People took the break-up of the Popular Rock Band Phish in many different ways. Most fans — well, fanatics, really — inevitably went through the five stages of grief, and the emotions setlist went something like this:

Denial (This can’t be there last show, I don’t buy it) > Anger (Oh man, I feel the urge to kick Trey right in the groinal area) > Bargaining (I swear I’ll be nice to orphans if they give me just one more show, man, I swear to Jebus) > Depression (I don’t know what I’m gonna do for fun now, maybe I’ll go kick the homeless in the teeth) > Acceptance (I guess they’re entitled to do what they want, and I’m okay with it). That was a tough few weeks for a lot of people.

But enough fans are still bitter enough about the death of Phish that the message boards are unoffically split in several different camps. And while it’s tough to pigeonhole an intellectually diverse fanbase like Phish fans, they usually fall into one of three groups.

There are the Trey Haters, who are mostly jaded veterans that use clever phrases like “Be-Treyed” and “Trey-tor.” On the flipside there are the Trey Apologists, who are the most likely folks to get their ears pissed in and they’ll still be there to happily lap it up and spread the good word. Finally there are the Realists, who accept the Trey-led demise of the best rock-n-roll band in recent memory but still harbor at least some feelings of abandonment and resentment towards Big Red. I’ve probably got one foot in each of the last two camps.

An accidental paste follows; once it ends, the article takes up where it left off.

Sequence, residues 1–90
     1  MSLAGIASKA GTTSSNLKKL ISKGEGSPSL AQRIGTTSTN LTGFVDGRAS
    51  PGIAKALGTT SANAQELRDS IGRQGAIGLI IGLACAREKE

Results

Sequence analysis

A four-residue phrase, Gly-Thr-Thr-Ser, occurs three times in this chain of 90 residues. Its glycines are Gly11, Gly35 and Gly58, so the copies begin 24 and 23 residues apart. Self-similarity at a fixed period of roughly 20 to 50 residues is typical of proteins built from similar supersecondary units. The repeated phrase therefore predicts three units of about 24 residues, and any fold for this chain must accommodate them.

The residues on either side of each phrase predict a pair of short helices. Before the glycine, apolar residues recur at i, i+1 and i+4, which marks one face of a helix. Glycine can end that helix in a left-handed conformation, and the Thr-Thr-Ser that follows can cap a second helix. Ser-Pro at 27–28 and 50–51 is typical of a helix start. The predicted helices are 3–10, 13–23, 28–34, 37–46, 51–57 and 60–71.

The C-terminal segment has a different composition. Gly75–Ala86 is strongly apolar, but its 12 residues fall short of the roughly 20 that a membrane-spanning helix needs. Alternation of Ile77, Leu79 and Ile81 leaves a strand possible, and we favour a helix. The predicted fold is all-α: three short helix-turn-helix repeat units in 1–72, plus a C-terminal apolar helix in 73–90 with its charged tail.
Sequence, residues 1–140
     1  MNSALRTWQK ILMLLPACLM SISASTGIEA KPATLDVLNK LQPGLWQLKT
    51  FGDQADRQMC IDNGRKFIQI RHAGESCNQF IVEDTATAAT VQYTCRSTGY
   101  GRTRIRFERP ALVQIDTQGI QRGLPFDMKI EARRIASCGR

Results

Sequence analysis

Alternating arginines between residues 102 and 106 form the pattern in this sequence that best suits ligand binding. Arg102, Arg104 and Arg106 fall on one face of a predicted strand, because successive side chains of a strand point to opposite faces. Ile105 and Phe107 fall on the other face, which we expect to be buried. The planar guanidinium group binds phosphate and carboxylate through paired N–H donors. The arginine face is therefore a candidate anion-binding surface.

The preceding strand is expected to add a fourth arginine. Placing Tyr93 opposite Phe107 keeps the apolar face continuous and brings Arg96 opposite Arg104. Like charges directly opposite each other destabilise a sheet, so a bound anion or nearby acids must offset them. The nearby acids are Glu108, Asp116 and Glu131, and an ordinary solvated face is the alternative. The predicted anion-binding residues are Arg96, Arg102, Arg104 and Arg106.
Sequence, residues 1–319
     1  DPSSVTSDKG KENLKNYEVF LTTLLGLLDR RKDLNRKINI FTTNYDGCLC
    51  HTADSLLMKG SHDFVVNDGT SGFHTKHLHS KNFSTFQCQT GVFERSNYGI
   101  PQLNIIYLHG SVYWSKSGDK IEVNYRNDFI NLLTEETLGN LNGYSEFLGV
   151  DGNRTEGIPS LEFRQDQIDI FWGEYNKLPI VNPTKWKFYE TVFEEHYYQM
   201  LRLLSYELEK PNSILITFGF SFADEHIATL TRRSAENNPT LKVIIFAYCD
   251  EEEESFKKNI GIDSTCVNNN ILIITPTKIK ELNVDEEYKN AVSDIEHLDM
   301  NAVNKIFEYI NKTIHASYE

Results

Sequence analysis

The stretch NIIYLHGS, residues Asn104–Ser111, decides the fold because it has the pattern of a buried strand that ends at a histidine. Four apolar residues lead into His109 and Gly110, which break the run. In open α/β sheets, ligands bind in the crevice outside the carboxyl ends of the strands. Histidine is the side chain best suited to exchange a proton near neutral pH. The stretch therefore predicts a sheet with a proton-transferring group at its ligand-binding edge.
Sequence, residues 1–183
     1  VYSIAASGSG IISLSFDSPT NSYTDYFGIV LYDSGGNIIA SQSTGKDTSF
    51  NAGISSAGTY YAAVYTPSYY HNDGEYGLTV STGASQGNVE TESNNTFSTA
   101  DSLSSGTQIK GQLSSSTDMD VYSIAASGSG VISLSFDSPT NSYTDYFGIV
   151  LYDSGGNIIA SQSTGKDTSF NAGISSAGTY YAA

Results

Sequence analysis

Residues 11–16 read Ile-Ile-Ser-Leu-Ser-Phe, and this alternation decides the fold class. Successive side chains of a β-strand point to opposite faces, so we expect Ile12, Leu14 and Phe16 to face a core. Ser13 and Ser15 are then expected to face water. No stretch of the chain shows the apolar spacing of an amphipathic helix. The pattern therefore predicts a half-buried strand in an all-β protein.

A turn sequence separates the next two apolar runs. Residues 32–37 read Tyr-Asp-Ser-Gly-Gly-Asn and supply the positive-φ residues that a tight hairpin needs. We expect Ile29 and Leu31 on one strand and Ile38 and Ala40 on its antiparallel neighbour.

To be sure, for many fans, there isn’t a more polarizing living figure this side of President Bush than Ernest Guiseppe Anastasio III, our beloved Trey. And keeping with the political analogy, the announcement of his brand new project — 70 Volt Parade — was the 2004 election, which drove the ultimate wedge into an increasingly divided fanbase. Even though the things that unite us are far, far greater than the things that divide us, the Internets are now abuzz with warring hippie factions.

Trey kicked off his tour at the famed Higher Ground in Burlington on April 1st, and the fans in attendance, in conjunction with the technologically advanced that downloaded the show just hours after it ended, came back to the boards and panned the show. A few weeks went by before his next show, but as more people listened to it, the more they hated it. The Trey Haters were rushing hard and signing up pledges left and right. A few more shows went by, and 70VP received more bad reviews. Uh oh.

At that point I decided to heed the proclamation of Frank Costanza, who yelled “I wanna go in fresh” as Mr. Ross started to describe his feelings about the fictional movie Firestorm. I didn’t download a lick of this new project…I’d just wait until I saw the Bad Lieutenant first-hand to form my own opinion with my own three ears.

When I saw Trey was playing Cincinnati on a weekend, I knew I had to get there. Anyone who has seen Phish in the Queen City knows the band sets that town ablaze. Literally. After the first night of their 2003 run, a fire broke out at the Westin, forcing the band and the hotel’s other patrons to evacuate in the middle of the night (incidentally that led Trey to write a song called Cincinnati, a super-sweet tune). But seriously, they tear Cincy to shreds every time they’ve come through, and the last time I saw them there I vowed never to miss a Queen City show. So I booked my flight, met up with some good friends and went downtown to see what this new band was all about.